Christmas Joy Offering enabled elderly couple to ‘feel the arms of the church around us’

 

Gifts helped Ralph and Mary Hamburger pay medical expenses and live in dignity

By Pat Cole | Presbyterian News Service

Ralph and Mary Hamburger of Pasadena, Calif., benefited from the Christmas Joy Offering. (Contributed photo)

LOUISVILLE — The love story between Ralph and Mary Hamburger began at a Presbyterian church when Ralph introduced himself to Mary after hearing her play the piano.

Their time together on Earth ended at a Presbyterian retirement community late last summer after 65 years of marriage.

Ralph, a Presbyterian Church (U.S.A.) minister since 1960, and Mary were able to live in dignity during their final years of marriage because of gifts to the Christmas Joy Offering. Ralph died this year on September 2, after spending the last few years tending to Mary, who had been the frailer of the two. Ralph shared their story not long before his health began its quick decline. He was eager to thank Presbyterians for the Christmas Joy Offering gifts that helped sustain them in the twilight of their years together. Gifts to the Christmas Joy Offering continue to benefit Mary.

The couple spent several good years together in the independent living facilities of Monte Vista Groves Home, a multi-level care senior community in Pasadena, California. However, Mary’s deteriorating health demanded that she move to the skilled nursing unit. Four years of paying for this level of care nearly depleted the couple’s savings, and Ralph worried about what would happen next.

Thanks to Christmas Joy Offering gifts, Ralph and Mary could continue living at Monte Vista Grove. Ralph said he felt “the arms of the church around us making our lives more comfortable at the end.”

The Hamburgers’ story is the saga of two people from diverse backgrounds who were bound together by love for one another and a common devotion to their Christian faith. Ralph, a member of the Dutch resistance during World War II, spent the war years hiding Jews from the Nazi occupiers. At the war’s end, he came to the United States carrying a permanent entry visa in the pocket of a suit that he had received in a CARE package from the U.S. He entered as a stateless person because his citizenship in Germany, the country of his birth, was revoked by the Nazi regime.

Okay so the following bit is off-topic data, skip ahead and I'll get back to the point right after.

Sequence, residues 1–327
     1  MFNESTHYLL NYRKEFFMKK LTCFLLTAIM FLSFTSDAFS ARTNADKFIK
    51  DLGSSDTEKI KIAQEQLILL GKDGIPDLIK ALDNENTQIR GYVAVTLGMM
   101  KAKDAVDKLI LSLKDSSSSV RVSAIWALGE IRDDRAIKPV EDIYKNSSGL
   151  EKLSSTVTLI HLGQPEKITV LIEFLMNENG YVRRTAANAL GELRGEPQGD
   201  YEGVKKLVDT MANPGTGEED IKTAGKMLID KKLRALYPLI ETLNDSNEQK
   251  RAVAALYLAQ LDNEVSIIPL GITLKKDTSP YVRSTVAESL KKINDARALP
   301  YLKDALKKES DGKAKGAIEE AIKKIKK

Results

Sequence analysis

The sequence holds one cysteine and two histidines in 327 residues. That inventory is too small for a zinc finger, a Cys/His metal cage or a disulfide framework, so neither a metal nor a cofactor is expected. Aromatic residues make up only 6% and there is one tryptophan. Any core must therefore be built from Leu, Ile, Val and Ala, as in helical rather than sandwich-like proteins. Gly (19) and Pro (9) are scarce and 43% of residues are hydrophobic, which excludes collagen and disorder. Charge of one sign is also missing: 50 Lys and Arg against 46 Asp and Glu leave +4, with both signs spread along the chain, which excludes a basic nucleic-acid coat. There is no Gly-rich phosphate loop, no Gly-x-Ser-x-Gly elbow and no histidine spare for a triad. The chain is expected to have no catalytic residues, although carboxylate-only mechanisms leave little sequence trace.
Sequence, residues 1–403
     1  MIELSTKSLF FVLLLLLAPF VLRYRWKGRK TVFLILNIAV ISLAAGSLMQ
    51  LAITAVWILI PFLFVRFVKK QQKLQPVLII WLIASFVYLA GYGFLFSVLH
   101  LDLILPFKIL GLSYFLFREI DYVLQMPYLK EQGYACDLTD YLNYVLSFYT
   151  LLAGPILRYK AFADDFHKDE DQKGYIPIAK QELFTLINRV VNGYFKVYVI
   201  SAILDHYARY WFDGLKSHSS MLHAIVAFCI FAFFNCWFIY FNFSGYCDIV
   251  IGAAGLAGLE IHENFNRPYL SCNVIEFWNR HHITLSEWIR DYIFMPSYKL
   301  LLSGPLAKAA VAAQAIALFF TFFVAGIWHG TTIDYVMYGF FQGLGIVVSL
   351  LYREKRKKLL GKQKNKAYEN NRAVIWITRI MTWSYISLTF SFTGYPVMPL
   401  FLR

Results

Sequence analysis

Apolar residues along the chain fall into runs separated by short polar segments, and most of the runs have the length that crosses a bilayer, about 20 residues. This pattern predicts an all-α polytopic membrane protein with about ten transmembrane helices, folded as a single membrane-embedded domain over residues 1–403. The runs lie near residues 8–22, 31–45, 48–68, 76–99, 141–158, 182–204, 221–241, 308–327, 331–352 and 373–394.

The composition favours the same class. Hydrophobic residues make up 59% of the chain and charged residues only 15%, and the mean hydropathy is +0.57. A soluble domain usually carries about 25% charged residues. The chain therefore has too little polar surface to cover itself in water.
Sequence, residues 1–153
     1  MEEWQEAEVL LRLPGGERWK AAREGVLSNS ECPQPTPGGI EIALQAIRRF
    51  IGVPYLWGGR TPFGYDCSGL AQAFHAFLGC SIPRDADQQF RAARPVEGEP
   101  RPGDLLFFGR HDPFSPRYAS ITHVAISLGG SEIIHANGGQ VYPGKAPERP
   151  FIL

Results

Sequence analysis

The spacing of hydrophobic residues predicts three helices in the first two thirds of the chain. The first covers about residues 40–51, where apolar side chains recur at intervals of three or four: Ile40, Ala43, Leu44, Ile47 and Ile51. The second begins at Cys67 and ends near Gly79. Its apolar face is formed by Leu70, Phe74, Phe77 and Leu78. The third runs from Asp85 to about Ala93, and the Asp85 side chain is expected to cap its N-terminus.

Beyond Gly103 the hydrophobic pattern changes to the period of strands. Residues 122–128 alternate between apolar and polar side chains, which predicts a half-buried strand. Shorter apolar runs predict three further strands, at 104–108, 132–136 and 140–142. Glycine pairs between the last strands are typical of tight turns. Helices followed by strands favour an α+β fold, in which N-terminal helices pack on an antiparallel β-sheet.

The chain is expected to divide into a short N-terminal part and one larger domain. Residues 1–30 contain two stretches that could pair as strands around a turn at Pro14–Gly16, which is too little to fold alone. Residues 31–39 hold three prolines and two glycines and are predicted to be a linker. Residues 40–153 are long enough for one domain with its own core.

Ralph made his home in California, where his U.S. sponsors lived, and found his way to Hollywood Presbyterian Church.  There he met “college students and other young people who exhibited such faith and joy,” he said.  It was a time of spiritual transformation for Ralph, which led to his call to ministry.

Mary, a native of Kentucky’s Appalachian region, was part of the large post-war migration to California, where her brother had lived while serving in the Navy.  She graduated from college on the West Coast, started a career as an accountant, and became involved in the Hollywood church’s thriving young adult ministries.

The couple considered their relationship simply a friendship until they “unexpectedly fell in love,” Ralph says.  During their life together, Ralph completed seminary, served congregations on the East Coast and West Coast, and then took a call in Europe.

Ralph’s service in Europe was behind the Iron Curtain among Christians who were seeking to live faithfully under authoritarian regimes.  He encouraged church leaders, arranged continuing education for pastors, and facilitated the printing of Bibles and Christian literature. Mary supported Ralph in his peripatetic ministry, managed their home, and cared for their daughter, Rachel, who is now a PC(USA) pastor.

“I am just an average, ordinary C+ person who became a pastor,” he said.  However, he added that “God touched me, tutored me and opened doors for me and others to do things that were absolutely impossible in communist nations during the Cold War.”

Ralph was grateful that his wife is getting good care, and he was thankful for gifts to the Christmas Joy Offering that help make this possible. “It is wonderful that the church does not forget those who worked in Presbyterian ministries at home and abroad,” he said.

Half of the Christmas Joy Offering goes to the Assistance Program of the Board of Pensions to help current and past church workers and their families who are in financial need. The other half supports future leaders who attend Presbyterian-related schools and colleges equipping communities of color. Most congregations receive the offering during the Advent and Christmas seasons.


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